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Wednesday 21 August 2019

Maher: Character question 'is thrown out all the time'

Brendan Maher of Tipperary consoles Conor McDonald of Wexford after Sunday’s game. Photo: Sportsfile
Brendan Maher of Tipperary consoles Conor McDonald of Wexford after Sunday’s game. Photo: Sportsfile
Ronan Maher

By now, Brendan Maher is almost sick of hearing it - those recurring questions about Tipperary's character.

They were silenced by Tipp's indefatigable response to losing a man, falling five points behind Wexford, and even suffering the triple-whammy setback of three disallowed goals. But, doubtless, those questions will resurface again if Kilkenny turn the All-Ireland final screw.

Maybe this is just how Maher likes it: another chance to measure their mettle against that familiar Black-and-Amber benchmark. The Borris-Ileigh man, now 30, has featured in six All-Ireland finals since making his SHC debut in 2009. All six have been against Kilkenny.

Tipp have won two, drawn one (that 2014 epic) and lost three. August 18 has all the hallmarks of a magnificent seventh.

Yet, because Kilkenny have tended to win more than lose in this fabled rivalry, Tipp's character seems to get questioned far more. It was the same in the run-up to last Sunday's semi-final, against the stark backdrop of a Premier form dip against Limerick and then Laois.

"It's a question that is thrown out there all the time," Maher admitted after Tipp's backs-to-the-wall triumph.

"I suppose it's probably stemming from the games against Kilkenny where we have lost tight games. But you can look at that two ways and say, 'Kilkenny have been an unbelievable team over the last 10 years and we have been up there with them.'

"We have had our few wins and they've had their dominance over every team, so probably sick of that being thrown around the place.

"But, like, we are not going to answer it here. You answer it out there on the pitch, and we did a little bit of it today but there is another game to go."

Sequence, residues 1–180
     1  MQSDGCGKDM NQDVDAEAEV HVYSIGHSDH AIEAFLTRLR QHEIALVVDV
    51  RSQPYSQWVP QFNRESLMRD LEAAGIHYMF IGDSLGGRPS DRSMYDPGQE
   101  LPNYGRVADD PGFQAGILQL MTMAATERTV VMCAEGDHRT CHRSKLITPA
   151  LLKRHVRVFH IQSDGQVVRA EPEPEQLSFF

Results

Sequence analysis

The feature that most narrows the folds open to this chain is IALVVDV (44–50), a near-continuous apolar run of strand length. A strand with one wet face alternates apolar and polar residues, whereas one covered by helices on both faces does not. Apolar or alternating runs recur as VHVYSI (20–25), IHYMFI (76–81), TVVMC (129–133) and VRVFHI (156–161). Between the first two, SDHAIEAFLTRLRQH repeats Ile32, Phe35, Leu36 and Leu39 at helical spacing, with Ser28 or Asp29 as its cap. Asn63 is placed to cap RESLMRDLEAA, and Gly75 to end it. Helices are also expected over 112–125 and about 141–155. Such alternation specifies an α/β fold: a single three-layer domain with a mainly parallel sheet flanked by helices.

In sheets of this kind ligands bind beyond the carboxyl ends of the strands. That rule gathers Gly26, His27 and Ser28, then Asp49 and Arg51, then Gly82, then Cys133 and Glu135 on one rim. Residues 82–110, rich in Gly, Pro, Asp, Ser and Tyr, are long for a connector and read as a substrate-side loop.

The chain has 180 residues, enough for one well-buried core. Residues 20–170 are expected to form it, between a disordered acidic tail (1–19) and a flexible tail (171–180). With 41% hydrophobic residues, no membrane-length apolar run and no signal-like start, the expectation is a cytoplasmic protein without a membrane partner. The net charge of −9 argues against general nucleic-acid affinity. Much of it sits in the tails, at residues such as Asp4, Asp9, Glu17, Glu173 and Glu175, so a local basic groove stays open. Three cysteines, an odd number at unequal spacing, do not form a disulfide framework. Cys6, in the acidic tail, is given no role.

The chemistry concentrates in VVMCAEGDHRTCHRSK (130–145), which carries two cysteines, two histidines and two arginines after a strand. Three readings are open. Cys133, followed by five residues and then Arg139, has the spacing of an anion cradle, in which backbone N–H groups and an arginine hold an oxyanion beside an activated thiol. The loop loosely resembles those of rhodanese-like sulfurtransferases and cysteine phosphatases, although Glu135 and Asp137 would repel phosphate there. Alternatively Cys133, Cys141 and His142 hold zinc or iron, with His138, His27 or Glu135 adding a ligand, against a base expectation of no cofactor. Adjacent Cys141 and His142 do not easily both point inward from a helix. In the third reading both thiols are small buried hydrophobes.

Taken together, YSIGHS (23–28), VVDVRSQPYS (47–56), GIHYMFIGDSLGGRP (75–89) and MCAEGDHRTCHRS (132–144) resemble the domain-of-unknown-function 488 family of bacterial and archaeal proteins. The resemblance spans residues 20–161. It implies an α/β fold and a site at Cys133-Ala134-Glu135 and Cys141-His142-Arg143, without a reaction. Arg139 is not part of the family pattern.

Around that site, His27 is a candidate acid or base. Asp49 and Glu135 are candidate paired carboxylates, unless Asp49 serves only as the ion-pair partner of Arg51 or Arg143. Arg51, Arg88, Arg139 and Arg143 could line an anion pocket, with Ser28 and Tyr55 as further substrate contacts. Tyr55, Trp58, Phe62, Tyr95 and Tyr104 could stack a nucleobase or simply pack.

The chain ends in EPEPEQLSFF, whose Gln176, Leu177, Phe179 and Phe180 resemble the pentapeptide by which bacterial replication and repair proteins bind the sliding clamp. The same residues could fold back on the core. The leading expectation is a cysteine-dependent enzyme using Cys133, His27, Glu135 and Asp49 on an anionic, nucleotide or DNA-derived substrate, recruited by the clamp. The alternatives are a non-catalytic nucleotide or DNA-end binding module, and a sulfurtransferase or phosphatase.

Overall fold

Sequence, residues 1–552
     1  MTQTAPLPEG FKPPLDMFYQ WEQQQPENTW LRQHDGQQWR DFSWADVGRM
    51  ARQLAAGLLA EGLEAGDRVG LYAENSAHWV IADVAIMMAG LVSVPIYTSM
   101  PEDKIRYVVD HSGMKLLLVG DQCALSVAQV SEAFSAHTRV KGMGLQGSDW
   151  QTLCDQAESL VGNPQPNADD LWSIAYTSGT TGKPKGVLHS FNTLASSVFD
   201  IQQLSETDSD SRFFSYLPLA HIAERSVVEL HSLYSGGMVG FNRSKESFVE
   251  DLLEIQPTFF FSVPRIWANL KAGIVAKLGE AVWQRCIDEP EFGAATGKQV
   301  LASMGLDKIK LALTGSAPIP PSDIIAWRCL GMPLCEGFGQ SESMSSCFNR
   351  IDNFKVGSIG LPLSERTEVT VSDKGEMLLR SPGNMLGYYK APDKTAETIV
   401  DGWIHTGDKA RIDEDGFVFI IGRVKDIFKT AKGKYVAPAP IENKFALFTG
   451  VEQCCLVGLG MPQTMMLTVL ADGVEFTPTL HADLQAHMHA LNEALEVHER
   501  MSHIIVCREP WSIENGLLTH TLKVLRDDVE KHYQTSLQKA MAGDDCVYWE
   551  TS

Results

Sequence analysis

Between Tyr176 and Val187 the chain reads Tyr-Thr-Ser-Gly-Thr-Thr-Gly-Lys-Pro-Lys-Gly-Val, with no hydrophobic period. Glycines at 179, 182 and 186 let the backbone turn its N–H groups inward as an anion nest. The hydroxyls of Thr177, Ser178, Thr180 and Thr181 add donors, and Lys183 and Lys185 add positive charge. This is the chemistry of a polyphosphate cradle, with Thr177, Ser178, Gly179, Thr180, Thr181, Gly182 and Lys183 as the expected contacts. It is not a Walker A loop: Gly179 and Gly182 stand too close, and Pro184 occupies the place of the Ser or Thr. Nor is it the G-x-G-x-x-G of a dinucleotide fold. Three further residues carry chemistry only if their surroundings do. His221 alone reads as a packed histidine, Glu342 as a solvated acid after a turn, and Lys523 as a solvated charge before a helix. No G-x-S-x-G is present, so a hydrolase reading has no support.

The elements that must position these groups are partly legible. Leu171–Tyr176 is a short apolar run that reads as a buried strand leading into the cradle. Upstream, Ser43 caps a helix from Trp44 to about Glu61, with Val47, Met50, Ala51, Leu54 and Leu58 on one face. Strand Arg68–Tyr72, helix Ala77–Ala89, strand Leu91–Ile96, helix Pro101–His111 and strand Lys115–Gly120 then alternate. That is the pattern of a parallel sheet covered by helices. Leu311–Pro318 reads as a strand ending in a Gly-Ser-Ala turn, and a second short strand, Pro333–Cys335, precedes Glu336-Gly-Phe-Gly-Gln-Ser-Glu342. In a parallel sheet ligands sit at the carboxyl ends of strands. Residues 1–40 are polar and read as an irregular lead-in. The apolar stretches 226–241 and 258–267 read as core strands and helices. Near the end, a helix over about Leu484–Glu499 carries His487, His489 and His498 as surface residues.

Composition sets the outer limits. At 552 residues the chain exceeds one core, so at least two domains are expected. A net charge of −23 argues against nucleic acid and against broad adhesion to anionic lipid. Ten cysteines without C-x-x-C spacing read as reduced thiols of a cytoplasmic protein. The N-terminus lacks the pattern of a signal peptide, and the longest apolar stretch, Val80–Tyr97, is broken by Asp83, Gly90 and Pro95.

No one could level such accusations on Sunday.

"For the guts of half-an-hour with 14 men ... I think the belief and character was shown," Maher declared. "We didn't feel any panic on the pitch and I think that's down to the hard work we have done since last November.

"There is only one way you can build belief and that is through hard work, and we have that done this year and it had to come out (against Wexford)."

No one epitomises that work ethic more than Maher. Eleven months after tearing his cruciate against Clare, he made his competitive Tipp comeback in their Munster round-robin opener against Cork in May.

"I'm delighted with the way I feel and the way I've come back," the -ex-skipper enthused.

Paying off

"I put in an awful lot of work, a lot of stuff behind the scenes, a lot of early mornings, late nights, stuff that nobody would have seen, even outside team stuff - so that's paying off."

Did he always believe he'd made it back? "Yeah, you have to believe," he replied. "If you don't, it's a waste of time."

Maher paid special tribute to his namesake and defensive colleague Ronan Maher.

"The man is just a savage to train and he always delivers on the big stage ... no different to his older brother (Pádraic), the two of them were just colossal there," he enthused.

"The other thing that stood to us is our fitness levels. That has been questioned an awful lot, but a good few of the Wexford lads started to tire and you saw a few of them going down with cramp. There was none of our boys went down. They stayed going and, if anything, they got stronger in the last 15."

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